An environmental group opposing the construction of a new oil pipeline across Minnesota is embroiled in a lawsuit by a former employee who alleges she was fired after complaining that a colleague had sexually harassed her and some American Indian boys several years ago.

Margaret Campbell filed a lawsuit in Becker County in February against Honor the Earth, a group formed in 1993 by members of the band Indigo Girls and former vice presidential candidate Winona LaDuke.

Campbell had initially filed a complaint with the Minnesota Department of Human Rights in January 2016 alleging that she had been sexually harassed by a co-worker in 2014 and 2015, and that LaDuke and others in the organization failed to take her seriously when she brought the matter to their attention. She resigned under duress in February 2015 and has been unable to get a comparable job.

The human rights agency completed its investigation of the complaint last August, concluding that there was "no probable cause" to show that Honor the Earth was guilty of sexual discrimination or that it took punitive actions against Campbell because of her allegations.

The agency found that the alleged harassment was too old to pursue under the law and that Honor the Earth had nondiscriminatory reasons for terminating Campbell's employment. Specifically, it cited evidence that she had violated the organization's confidentiality rules by speaking publicly about her allegations before it had completed an internal investigation.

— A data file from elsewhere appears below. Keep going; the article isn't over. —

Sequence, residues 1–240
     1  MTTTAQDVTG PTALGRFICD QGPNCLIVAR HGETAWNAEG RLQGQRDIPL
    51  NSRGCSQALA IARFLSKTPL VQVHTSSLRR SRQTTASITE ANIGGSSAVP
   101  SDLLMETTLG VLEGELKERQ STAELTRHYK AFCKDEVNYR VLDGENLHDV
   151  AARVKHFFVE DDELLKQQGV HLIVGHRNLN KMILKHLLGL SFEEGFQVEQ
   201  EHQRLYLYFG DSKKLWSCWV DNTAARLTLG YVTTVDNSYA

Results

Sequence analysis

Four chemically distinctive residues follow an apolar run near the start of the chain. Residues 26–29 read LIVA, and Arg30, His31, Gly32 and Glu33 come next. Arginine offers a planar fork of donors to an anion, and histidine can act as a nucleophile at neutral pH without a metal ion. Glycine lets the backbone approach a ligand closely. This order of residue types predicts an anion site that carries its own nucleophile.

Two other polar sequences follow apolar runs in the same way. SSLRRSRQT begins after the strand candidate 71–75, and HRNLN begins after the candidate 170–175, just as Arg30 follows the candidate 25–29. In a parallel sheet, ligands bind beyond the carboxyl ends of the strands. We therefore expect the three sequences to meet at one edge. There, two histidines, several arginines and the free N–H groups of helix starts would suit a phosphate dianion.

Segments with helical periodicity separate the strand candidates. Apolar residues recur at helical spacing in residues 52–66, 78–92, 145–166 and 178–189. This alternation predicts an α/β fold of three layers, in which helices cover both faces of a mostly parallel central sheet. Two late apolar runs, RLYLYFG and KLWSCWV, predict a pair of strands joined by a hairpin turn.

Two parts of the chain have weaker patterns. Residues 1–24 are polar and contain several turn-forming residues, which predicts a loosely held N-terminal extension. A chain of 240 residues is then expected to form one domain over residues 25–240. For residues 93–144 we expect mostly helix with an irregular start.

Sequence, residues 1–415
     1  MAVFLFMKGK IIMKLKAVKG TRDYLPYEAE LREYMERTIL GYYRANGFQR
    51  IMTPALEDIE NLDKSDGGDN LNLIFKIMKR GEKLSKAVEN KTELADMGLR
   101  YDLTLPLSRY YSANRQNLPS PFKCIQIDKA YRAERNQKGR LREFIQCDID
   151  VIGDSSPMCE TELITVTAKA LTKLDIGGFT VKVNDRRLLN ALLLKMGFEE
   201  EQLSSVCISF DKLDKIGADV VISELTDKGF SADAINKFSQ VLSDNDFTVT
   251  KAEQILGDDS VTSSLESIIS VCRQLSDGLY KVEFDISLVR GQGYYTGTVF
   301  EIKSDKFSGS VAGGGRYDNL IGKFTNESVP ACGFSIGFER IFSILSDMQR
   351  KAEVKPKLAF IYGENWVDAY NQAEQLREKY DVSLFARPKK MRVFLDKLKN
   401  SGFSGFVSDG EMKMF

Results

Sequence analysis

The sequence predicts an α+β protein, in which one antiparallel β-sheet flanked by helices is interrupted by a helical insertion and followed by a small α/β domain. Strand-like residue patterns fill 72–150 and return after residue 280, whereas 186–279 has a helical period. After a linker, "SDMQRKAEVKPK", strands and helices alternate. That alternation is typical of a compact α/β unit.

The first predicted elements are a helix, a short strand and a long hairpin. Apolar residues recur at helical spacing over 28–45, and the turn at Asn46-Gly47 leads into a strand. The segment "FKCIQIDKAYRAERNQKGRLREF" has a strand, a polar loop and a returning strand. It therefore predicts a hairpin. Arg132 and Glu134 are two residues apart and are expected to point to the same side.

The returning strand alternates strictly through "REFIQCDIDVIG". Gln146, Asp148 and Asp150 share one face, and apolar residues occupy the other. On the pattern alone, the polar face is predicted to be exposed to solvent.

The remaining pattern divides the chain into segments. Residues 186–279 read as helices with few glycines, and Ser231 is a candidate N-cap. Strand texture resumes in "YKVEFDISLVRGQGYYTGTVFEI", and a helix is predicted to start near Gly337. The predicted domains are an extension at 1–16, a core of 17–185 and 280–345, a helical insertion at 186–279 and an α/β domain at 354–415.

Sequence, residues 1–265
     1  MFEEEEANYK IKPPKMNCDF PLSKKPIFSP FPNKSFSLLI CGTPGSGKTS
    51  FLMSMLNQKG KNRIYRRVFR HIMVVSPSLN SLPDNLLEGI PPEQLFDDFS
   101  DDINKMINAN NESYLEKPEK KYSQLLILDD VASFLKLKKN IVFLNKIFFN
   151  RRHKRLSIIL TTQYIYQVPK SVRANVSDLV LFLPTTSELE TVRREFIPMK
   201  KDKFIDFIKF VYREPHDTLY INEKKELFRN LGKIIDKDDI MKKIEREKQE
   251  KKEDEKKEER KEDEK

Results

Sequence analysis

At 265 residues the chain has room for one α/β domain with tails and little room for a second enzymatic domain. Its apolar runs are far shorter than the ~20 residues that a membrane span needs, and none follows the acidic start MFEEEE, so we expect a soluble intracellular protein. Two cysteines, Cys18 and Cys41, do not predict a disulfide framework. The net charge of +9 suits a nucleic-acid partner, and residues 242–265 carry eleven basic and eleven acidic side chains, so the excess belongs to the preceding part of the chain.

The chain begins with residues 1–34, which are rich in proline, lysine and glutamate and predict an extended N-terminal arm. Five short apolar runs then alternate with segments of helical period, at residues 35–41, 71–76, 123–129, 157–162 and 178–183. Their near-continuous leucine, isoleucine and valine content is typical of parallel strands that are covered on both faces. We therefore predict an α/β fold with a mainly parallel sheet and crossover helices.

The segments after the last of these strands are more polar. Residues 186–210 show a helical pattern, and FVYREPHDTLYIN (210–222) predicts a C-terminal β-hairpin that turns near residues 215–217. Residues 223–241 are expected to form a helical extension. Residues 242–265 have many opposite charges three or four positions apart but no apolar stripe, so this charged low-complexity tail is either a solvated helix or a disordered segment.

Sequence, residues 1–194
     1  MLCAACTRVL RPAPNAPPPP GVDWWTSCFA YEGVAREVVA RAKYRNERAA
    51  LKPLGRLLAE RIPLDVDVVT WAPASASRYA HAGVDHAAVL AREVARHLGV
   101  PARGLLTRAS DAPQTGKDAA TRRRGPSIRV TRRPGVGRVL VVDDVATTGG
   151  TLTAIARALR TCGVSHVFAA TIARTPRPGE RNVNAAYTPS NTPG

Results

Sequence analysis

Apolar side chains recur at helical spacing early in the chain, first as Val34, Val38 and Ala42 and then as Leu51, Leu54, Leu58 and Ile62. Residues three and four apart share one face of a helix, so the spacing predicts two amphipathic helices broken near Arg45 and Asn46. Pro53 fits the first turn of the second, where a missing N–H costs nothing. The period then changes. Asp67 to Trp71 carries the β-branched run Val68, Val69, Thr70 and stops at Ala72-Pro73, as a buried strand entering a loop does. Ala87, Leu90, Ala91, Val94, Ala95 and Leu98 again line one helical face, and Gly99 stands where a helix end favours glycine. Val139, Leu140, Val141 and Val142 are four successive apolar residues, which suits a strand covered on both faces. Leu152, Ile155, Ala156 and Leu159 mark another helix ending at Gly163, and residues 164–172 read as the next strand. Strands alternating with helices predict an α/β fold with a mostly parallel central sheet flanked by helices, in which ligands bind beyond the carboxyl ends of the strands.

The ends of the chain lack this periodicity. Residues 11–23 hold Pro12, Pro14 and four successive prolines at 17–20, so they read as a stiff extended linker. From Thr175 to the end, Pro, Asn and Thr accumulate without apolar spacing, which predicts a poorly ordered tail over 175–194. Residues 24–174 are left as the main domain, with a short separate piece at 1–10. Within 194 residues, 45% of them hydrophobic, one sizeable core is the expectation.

The human rights department noted that Honor the Earth had established a no-tolerance policy on sexual harassment and had at least temporarily cut its ties with the former co-worker of Campbell's who was the subject of her allegations.

Campbell appealed. Human Rights Commissioner Kevin Lindsey upheld the findings in November and noted that Campbell had 45 days under the law to pursue the matter in court.

Frank Bibeau, an attorney for Honor the Earth, challenged the suit on jurisdictional grounds, arguing before Becker County District Judge Gretchen Thilmony on Wednesday that the lawsuit belonged in tribal court because most of the environmental group's activities take place on the White Earth Band of Ojibwe reservation in northwestern Minnesota.

Christy Hall, an attorney for Campbell, argued that Honor the Earth is subject to state laws because it's incorporated as a Minnesota nonprofit. The human rights department agreed with her when evaluating the initial complaint.

Thilmony took the matter under advisement.